With temperatures rising and July 4th this weekend, our thoughts naturally turn to ice cream
Whether your tastes incline toward Ben and Jerry’s modish mashups or more towards a tub of Breyer’s always retro and reassuring strawberry ice cream, maybe now is the time to try your hand at churning your own favorite flavors.
While making ice cream can be fairly simple and straightforward, why not start at spectacular? There are a couple of tricks of the trade:
- You need an ice cream machine. It’s not 1900 anymore and ice cream makers of various brands and price points abound on Amazon and other such stores.
- You must master the magic of creating a creamy frozen dessert that doesn’t have icicles in it. That’s where practice and research come in.
- When your experiments fail, mash up a bunch of soft but not brown bananas, put them in the freezer and tell everyone you think ice cream with dairy and added sugar is unhealthy.
Before you get to step three, but after you have achieved step one, consult the experts. Every generation has its reigning queen (or king) of ice cream and today’s must be Kitty Travers in London.
Travers learned to love ice cream as a child on trips to Italy and became famous for her concoctions while a culinary student in America. Leading chefs from Alice Waters to Fergus Henderson consider her the best ice cream-maker around. Today she is the proprietor of her own company, La Grotta Ices based in Bermondsey and last year her book, La Grotta Ices, was published in America by Clarkson Potter.
The book is full of recipes that will make you dream of eating ice cream while sitting on a blanket next to an English meadow in high summer. Here are some examples: Yellow peach and basil; apricot and rose petal; wild fig and watermelon; rhubarb and Angelica. To get an idea of what the recipes are like, here is the recipe for Nectarine and Tarragon.
Nectarine and Tarragon Ice Cream
- 1 lb of ripe nectarines
- Zest and juice of 1 lemon
- 1 cup of sugar
- 1/2 cup of whole milk
- 1 cup of heavy cream
- 3 egg yolks
- 1 oz of fresh tarragon
Note: this is a 2-day process. Plan accordingly.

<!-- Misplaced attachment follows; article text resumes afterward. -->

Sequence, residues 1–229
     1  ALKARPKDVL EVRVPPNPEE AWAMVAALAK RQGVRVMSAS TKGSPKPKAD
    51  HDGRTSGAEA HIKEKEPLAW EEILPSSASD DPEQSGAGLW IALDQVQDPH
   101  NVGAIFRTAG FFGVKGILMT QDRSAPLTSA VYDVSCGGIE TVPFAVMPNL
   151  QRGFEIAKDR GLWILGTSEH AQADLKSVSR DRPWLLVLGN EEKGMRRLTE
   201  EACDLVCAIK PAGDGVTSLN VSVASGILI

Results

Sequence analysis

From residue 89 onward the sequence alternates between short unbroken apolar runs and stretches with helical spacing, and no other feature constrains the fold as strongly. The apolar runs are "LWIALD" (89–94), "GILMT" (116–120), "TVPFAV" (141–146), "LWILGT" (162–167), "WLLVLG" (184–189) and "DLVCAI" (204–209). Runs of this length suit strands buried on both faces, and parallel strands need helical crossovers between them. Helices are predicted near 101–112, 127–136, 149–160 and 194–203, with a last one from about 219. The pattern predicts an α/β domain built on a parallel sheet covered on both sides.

- Rinse the nectarines and halve them, collecting any juice in a bowl. Slice the flesh in chunks from around the pit and drop it into the bowl. Add the lemon zest and juice and 1/4 cup of the sugar. Mix this together gently, cover the bowl with plastic wrap and leave to macerate in the fridge overnight.
- Bring the milk and cream to a simmer in a non-reactive pan, stirring often with a whisk or silicone spatula to prevent it from catching. Once the liquid is hot and steaming, whisk the egg yolks and the remaining sugar together in a separate bowl until combined.
- Pour the hot milk over the yolks in a thin stream, whisking continuously. Return all the mix to the pan and cook over low heat until it reaches 180F. Sir constantly to avoid curdling the eggs and keep a close eye on it so as not to let it boil. As soon as your thermometer reaches 180F, remove the pan from the heat, add the tarragon leaves, and stir to submerge them in the custard. Cover the plan with plastic wrap, then place in a sink full of ice water to cool for 30 minutes. Once the custard is at room temperature, use a spatula to scrape it through a fine-mesh sieve or chinois. Squeeze hard on the tarragon to extract as much flavor as possible. Discard the leaves, cover the container with plastic wrap, and chill in the fridge.
- To make the ice cream: use a spatula to scrape the chilled nectarines and all their lemony juices into the tarragon custard, then blitz until as smooth as possible, 2 to 3 minutes, or until there are only small flecks of red nectarine skin visible in the mix. Using a small ladle, push the custard through a fine-mesh sieve or chinois into a clean container, squeezing hard to extract as much smooth custard mix as possible. Discard the nectarine skin.
- Pour the custard into an ice cream machine and churn according to the machine’s instructions until frozen and the texture of whipped cream, 20 to 25 minutes.
- Scrape the ice cream into a suitable lidded container. Top with a piece of wax paper to limit exposure to air, cover and freeze until ready to serve.
Craft ice creams are all the rage, with new indie producers breaking the rules by creating unusual, exceptionally delicious flavor combinations. Kitty Travers, the creator of the beloved London-based brand La Grotta Ices, is changing our expectations when it comes to these cravable cold treats. With more than 75 recipes for bold, fruit-forward ice creams, sorbets, and granitas—all made with fresh, natural, minimally processed ingredients, this is the cookbook for summer.